It feels slightly like a cop-out dedicating a post to cooking puttanesca. No pun intended (I promise), but the “whores’ pasta” is a pretty well-worn dish. It’s served on Italian restaurant menus the world over, and the UK’s national culinary treasures Jamie Oliver and Nigella Lawson have both included versions of it in their books.
However, I realised as I was making some last night that it had been probably my favourite food for a decade. Surely reason enough for a shout-out. And there must be people out there who don’t know how to make it. Though whether or not they are reading this blog is a different matter.
So why do I love eating puttanesca so much? Two reasons I guess:
- The obvious one (and supposedly how it got its ladies-of-the-night-related nickname). All the ingredients are store-cupboard, ie you can have them in all the time, waiting for whatever hour you get in. Even flat leaf parsley keeps a good couple of weeks.
- The one that makes you want to chow it regularly for years and years. It has several of the most intense possible flavours, rolled into one gorgeous pungent sauce. Chilli heat, sweet concentrated tomatoes, salty olives, capers and anchovies, and a sizeable dose of garlic. What more do you want?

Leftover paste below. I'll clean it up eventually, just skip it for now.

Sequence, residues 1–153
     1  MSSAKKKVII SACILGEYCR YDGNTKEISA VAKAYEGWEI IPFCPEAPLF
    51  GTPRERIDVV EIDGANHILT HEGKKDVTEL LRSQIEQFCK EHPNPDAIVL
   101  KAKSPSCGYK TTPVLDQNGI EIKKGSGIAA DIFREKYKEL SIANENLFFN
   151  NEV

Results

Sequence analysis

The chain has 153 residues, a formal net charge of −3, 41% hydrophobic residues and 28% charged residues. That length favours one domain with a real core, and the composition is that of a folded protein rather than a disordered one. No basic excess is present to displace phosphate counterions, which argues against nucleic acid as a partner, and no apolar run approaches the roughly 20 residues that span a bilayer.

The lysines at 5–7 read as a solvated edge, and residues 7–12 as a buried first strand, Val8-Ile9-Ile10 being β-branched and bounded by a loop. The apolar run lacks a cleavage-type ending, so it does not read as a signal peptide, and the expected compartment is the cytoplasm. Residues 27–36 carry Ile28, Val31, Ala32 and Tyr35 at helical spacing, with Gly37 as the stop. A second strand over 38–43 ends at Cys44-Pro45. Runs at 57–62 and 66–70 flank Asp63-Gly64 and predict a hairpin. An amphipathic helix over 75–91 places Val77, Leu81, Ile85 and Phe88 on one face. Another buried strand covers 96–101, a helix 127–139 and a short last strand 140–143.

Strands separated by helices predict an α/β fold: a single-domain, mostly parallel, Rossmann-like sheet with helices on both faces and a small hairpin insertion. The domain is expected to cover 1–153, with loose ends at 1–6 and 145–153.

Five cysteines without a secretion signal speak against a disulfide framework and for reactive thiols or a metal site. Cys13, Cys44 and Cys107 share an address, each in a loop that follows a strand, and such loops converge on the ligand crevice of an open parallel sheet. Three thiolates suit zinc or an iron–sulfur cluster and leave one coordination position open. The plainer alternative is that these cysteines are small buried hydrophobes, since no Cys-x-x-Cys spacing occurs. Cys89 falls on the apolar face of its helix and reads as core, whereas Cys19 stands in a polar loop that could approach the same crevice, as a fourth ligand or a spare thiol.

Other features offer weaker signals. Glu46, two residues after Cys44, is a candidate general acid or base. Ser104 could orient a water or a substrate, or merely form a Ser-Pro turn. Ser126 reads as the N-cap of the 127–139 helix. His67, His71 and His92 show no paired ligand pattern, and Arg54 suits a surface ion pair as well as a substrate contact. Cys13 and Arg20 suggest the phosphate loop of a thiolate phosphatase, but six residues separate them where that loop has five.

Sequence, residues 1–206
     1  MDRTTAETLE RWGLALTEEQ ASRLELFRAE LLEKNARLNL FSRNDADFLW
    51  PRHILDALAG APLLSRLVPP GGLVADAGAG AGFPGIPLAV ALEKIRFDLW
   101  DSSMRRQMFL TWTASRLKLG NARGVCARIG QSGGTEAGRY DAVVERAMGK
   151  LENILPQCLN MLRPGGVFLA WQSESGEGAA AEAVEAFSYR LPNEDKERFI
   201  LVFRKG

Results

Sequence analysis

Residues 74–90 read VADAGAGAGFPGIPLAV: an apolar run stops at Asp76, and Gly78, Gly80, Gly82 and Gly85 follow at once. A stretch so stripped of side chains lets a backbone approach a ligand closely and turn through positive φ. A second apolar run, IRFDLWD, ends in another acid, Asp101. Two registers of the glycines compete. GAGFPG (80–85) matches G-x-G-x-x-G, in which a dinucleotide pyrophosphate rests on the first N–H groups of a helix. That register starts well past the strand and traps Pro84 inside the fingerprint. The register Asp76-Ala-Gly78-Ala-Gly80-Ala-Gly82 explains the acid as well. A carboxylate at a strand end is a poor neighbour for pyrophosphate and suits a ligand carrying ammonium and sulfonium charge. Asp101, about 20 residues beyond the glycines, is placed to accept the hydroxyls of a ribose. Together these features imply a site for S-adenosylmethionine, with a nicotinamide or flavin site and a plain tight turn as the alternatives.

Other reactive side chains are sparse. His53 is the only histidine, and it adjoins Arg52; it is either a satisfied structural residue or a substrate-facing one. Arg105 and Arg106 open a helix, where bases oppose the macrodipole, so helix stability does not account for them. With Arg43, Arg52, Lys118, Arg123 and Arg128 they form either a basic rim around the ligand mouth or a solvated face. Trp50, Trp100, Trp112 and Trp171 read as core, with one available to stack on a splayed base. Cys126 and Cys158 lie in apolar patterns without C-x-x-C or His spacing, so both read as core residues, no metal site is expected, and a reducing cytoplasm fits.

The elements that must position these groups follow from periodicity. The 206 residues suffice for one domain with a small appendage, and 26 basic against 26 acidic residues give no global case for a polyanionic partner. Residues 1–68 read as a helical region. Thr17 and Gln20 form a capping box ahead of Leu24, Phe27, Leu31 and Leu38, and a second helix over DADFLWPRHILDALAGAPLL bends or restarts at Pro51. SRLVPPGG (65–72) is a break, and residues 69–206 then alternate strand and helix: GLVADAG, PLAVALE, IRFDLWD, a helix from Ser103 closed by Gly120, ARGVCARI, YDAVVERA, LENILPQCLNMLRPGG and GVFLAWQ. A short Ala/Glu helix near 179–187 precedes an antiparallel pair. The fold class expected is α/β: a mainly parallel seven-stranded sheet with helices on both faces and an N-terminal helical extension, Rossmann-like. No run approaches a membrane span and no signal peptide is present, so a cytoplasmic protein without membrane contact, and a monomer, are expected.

You will need:
- 2 tbsp olive oil
- 1 can anchovies, drained
- 2 cloves garlic, sliced as thinly as possible
- 2 dried chillies, chopped fine
- 400g canned tomatoes
- 1 heaped tsp oregano
- Black pepper
- Small can black olives, drained and roughly chopped
- 1 tbsp capers, roughly chopped
- Small bunch flat leaf parsley, chopped
- Put the oil in a heavy-based saucepan on a low heat.
- Add the anchovies, stirring for a few minutes until they break down completely and dissolve into the oil.
- Now put in the garlic and chillies, giving them a couple of minutes to soften. Take care that the garlic doesn’t get brown.
- As soon as the pan starts to sizzle, add the tomatoes and turn the heat up high. Stir vigorously as the mixture comes to the boil, breaking up the tomatoes.
- Add the oregano and a very generous grind of black pepper, turn the heat down to medium and leave about 20 minutes.
- When the sauce has reduced to a thick, jam-like texture, stir in the olives and capers, lower the heat, and set your pasta to boil in well-salted water.
- As soon as the pasta is ready, add the parsley to the tomato sauce. Drain the pasta, reserving about a tablespoon of the salty cooking water. Unless you want blood like the Dead Sea, you shouldn’t need to add any further salt to the sauce.
- Toss the pasta with the reserved water, stir into the sauce and serve topped with parmesan.